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US missile strike in Syria: Europe reacts

French President Francois Hollande delivers a speech about the situation in Syria in Annonay, south-eastern France, on April 7, 2017.
French President Francois Hollande delivers a speech about the situation in Syria in Annonay, south-eastern France, on April 7, 2017. AFP/Philippe Desmazes
3 min

After Friday's early morning missile strike, it's hard to predict the next moves by US President Donald Trump and Russian President Vladimir Putin. The UK, France and Germany have all come out in support of the US move, while Russia and Iran have condemned it. RFI's Thomas Wheeldon takes a closer look.


French President Francois Hollande was quick to respond on Friday, releasing a joint statement with German Chancellor Angela Merkel.

The French head of state said that Trump’s approach should be pursued at the United Nations (UN) level if possible. This, he hopes, will lead to negotiations at the UN for a transition of power away from Syrian President Bashar al-Assad.

Hollande has always been hawkish on Assad. But there are various reasons why the French President isn't so influential any more, especially seeing as he’s leaving office in a matter of weeks.

What’s more, General Dominique Trinquand, former head of UN military missions, highlights that Hollande “was not asked” by the US President for French participation in the airstrikes.

“Mr Trump is acting on national grounds and was just warning his ally that he will attack. That’s it,” says Trinquand.

Strategical change-up

Hollande was keen to strike against Assad in 2013, but the situation has changed since then. Four years ago the US and France were willing to punish Assad's use of chemical weapons, but then US president Barack Obama called off strikes at the last minute.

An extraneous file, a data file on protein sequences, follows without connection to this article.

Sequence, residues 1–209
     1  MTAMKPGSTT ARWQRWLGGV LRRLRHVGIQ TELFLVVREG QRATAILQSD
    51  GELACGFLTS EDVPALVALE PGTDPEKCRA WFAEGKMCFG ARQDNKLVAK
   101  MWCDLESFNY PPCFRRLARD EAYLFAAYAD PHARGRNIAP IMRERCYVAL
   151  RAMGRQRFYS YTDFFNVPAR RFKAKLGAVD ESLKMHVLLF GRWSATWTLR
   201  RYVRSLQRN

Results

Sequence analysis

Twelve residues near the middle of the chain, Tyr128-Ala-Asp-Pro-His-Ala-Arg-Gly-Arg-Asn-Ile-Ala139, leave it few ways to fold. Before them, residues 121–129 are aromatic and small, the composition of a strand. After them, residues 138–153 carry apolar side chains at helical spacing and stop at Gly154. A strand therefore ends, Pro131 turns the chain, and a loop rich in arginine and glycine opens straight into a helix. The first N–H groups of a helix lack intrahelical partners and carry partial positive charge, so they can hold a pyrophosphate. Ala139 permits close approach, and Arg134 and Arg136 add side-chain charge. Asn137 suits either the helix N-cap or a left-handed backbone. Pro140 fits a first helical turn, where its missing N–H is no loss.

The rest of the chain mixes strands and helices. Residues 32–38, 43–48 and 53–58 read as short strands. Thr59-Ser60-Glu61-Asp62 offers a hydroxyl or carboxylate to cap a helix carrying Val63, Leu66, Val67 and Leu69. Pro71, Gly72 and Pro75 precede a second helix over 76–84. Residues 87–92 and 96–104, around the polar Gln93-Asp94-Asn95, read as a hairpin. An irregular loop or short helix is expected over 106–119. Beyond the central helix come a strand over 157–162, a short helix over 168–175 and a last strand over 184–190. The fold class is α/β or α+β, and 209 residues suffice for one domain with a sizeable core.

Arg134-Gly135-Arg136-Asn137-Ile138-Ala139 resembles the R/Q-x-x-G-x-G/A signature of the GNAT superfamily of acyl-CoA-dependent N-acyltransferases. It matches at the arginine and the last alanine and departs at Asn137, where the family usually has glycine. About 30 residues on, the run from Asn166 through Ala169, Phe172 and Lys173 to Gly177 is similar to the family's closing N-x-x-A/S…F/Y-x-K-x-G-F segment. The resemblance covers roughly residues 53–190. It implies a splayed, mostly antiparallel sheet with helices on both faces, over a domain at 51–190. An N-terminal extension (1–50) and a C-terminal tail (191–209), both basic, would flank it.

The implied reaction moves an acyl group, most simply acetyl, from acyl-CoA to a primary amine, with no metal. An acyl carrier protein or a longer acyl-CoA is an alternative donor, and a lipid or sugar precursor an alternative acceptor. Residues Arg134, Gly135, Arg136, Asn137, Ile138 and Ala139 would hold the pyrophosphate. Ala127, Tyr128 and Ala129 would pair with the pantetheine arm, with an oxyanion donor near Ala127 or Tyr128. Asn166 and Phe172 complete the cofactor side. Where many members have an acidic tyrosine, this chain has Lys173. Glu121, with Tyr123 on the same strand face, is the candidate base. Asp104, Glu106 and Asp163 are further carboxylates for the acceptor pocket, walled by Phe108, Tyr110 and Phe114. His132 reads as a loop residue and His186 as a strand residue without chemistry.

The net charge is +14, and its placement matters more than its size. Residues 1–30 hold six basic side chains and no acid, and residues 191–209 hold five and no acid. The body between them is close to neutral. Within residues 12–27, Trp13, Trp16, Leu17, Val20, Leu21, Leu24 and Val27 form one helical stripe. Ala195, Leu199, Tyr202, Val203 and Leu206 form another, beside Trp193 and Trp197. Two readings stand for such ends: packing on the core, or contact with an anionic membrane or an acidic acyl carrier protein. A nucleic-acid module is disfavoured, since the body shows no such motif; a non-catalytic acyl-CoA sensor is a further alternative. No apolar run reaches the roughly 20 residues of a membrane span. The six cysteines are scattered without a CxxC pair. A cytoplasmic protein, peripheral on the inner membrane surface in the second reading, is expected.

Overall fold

In the meantime it's become more difficult for the West to force Assad into the transition of power Hollande was talking about. “For the last three years, the Russian forces have supported the Syrian government, and they have put them in the best position,” says Trinquand.

Now, with the US and Russia each taking big unilateral decisions on Syria, European leaders are being effectively pushed to the sidelines. While the latter are mostly anti-Assad, they're also wary towards President Trump, so they may well want to stay on those sidelines.

“On the one hand, the Europeans are probably quite relieved that President Trump has reacted to the use of chemical weapons – that he has not allowed himself to be distracted by his desire to improve relations with the Russians,” says Quentin Peel of UK think tank Chatham House.

“But on the other hand, I think the Europeans are quite nervous about having an American president who really just seems to react by the seat of his pants.”

It's the egos of Trump and Putin that are dominating the action. What happens depends on how big a commitment Trump might make against the Assad government. Last night's strike could just be a one-off, but if that's not the case, then Putin will not like the US trying to take down his ally.

The Europeans' biggest role may well be as cool-headed negotiators between the two.

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